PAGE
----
By Forshaw J.

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4) To understand how this cancellation of divergences happened we can study the convergence properties of loop diagrams (although we shall not evaluate them). 2. These both contain a loop with one photon propagator, behaving like 1/k 2 at large momentum k, and two electron propagators, each behaving like 1/k. 2). 3) arises because there is a divergence associated with the coupling of each electron in the scattering process). 2). 2? Now we have two photon and two electron propagators, leading to d 4k I∼ .

4 shows a graph where the divergence comes from the primitive divergent subgraph inside the dashed box. Furthermore, the primitive divergences are always of a type that would be generated by a term in the initial Lagrangian with a divergent coefficient. Hence by rescaling the fields, masses and couplings in the original Lagrangian we can make all physical quantities finite (and independent of the exact details of the adjustment such as how we regulate the divergent integrals). This is what we mean by renormalisability.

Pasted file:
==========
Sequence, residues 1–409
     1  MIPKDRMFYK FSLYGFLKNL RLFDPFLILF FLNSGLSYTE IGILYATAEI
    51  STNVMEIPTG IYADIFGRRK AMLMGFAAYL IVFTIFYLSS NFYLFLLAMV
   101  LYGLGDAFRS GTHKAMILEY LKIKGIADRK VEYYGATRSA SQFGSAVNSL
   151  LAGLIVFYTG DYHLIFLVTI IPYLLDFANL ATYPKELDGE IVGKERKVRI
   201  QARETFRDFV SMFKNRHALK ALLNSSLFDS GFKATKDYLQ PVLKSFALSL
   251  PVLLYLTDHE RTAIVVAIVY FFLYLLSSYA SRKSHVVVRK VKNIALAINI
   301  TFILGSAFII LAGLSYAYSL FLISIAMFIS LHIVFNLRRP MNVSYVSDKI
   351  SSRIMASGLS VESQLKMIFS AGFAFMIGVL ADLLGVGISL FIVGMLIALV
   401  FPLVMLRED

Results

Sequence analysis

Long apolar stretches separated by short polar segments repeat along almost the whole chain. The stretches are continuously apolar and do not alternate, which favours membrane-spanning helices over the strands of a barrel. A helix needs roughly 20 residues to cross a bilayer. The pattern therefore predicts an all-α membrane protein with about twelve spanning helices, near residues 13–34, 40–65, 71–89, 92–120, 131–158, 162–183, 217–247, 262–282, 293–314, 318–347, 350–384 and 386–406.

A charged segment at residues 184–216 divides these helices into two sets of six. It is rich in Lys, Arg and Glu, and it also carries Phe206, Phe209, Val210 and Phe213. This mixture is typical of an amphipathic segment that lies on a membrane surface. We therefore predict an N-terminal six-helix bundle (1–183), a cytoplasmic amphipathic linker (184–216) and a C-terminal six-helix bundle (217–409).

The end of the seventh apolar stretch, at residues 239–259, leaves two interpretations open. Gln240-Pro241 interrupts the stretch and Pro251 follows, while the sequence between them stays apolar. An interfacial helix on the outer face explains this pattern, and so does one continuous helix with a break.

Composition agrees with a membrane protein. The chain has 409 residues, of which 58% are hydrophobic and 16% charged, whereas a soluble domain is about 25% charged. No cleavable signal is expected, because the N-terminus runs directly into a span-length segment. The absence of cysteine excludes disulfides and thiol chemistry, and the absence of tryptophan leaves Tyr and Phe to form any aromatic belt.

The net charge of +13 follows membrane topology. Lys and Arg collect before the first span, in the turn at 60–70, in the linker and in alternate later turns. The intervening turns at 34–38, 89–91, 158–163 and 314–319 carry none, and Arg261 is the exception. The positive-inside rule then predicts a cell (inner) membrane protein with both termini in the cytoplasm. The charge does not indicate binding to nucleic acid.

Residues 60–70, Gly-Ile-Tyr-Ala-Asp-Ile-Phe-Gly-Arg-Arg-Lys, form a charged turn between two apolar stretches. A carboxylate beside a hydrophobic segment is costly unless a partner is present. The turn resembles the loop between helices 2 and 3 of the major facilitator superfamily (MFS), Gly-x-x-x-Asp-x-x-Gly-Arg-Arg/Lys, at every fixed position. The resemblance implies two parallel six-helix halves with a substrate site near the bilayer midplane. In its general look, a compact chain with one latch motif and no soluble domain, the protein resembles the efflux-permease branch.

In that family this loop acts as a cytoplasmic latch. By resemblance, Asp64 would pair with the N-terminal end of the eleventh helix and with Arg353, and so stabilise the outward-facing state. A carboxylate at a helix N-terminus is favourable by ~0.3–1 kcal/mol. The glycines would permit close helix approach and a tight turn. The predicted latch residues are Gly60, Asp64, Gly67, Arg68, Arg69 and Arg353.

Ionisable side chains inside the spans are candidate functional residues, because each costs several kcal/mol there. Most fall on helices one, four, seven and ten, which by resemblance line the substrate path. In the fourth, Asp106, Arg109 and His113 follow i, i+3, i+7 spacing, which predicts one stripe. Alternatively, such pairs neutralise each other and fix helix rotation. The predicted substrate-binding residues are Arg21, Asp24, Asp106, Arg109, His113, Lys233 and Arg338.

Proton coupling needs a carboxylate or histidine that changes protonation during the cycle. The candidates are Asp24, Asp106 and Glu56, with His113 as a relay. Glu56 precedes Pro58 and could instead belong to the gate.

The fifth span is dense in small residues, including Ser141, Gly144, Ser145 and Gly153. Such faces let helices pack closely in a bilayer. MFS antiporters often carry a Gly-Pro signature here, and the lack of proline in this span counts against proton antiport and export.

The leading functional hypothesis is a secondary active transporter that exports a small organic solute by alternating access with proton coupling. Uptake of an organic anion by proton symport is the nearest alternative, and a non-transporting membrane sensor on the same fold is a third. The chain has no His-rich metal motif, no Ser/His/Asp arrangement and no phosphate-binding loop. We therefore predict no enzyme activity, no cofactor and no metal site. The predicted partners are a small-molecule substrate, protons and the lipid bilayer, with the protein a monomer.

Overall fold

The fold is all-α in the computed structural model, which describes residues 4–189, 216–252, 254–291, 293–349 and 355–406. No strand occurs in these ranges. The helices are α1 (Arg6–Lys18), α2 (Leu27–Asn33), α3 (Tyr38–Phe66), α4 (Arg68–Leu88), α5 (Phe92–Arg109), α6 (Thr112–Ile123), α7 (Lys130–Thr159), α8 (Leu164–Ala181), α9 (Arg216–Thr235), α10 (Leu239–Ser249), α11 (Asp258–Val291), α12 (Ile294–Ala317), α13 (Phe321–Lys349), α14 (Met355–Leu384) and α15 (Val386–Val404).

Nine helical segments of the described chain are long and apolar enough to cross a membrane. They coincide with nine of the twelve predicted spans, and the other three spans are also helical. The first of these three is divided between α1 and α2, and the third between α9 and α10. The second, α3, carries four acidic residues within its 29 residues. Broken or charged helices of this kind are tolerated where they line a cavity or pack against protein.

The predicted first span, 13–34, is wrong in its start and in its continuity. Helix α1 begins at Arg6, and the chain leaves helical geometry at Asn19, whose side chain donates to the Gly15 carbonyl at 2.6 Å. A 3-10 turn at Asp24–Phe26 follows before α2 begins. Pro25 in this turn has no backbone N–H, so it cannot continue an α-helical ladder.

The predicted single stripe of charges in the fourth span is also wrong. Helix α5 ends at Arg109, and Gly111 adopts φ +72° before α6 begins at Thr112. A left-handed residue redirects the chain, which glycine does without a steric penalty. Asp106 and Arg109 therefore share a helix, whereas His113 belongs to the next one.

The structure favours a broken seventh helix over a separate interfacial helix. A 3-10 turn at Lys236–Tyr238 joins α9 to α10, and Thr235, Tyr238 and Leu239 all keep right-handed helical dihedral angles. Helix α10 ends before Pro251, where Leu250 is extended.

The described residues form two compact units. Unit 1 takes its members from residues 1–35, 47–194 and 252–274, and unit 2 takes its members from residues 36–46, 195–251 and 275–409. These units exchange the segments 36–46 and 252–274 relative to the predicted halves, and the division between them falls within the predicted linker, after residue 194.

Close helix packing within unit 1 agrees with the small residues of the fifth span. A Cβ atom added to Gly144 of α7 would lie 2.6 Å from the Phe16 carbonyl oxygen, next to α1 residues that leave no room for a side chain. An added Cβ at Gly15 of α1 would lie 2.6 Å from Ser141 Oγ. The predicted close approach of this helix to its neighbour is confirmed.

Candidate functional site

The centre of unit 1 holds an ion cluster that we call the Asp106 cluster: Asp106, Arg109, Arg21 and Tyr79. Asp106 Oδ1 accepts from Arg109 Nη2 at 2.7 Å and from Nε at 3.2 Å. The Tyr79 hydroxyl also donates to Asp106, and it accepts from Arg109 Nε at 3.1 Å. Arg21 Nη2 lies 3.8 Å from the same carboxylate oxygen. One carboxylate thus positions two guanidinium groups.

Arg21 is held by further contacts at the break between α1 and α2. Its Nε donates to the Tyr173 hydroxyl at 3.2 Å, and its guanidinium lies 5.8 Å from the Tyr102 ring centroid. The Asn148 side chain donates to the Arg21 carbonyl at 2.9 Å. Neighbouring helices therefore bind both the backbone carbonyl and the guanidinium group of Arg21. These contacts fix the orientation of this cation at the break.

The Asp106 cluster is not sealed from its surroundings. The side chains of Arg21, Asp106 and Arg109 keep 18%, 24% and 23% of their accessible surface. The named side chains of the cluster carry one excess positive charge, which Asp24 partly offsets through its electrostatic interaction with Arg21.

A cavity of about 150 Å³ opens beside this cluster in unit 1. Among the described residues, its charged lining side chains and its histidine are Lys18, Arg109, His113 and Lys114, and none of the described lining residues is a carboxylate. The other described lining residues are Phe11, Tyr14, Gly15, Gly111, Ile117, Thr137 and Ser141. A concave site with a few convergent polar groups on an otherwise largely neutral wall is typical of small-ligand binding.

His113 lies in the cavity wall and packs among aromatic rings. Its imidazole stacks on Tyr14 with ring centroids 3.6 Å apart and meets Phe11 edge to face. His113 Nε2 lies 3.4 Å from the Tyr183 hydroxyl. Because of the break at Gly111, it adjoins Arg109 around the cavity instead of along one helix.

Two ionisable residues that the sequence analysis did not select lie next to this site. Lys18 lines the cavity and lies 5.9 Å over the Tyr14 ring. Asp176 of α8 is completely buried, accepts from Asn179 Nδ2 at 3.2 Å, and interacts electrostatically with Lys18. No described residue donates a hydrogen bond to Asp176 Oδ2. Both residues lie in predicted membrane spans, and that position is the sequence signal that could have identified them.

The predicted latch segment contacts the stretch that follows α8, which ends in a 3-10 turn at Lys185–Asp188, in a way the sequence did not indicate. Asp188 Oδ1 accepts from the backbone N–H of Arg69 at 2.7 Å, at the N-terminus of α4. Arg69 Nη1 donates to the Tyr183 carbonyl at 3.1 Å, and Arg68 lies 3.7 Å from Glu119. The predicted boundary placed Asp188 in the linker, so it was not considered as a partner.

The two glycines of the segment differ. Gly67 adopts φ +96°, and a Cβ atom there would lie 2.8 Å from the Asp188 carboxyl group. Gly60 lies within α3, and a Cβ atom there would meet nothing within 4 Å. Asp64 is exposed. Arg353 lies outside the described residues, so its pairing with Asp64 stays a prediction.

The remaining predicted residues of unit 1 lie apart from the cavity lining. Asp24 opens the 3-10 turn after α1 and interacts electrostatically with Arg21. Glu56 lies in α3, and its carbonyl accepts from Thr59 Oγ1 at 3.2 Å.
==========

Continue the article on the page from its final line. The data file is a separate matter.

In terms of the renormalised fields 1 L = − Z3 FR µν FRµν + iZ2 ψ R ∂/ψR − Z1 eˆψ R A / R ψR − Zm Z2 mψ ˆ R ψR . 4 Writing each Z as Z = 1 + δZ, re-express the Lagrangian one more time as 1 L = − FR µν FRµν + iψ R ∂/ψR − eˆψ R A / R ψR − mψ ˆ R ψR + (δZ terms). 4 Now it looks like the old Lagrangian, but written in terms of the renormalised fields, with the addition of the δZ counterterms. Now when you calculate, the counterterms give you new vertices to include in your diagrams. The divergences contained in the counterterms cancel the infinities produced by the loop integrations, leaving a finite answer.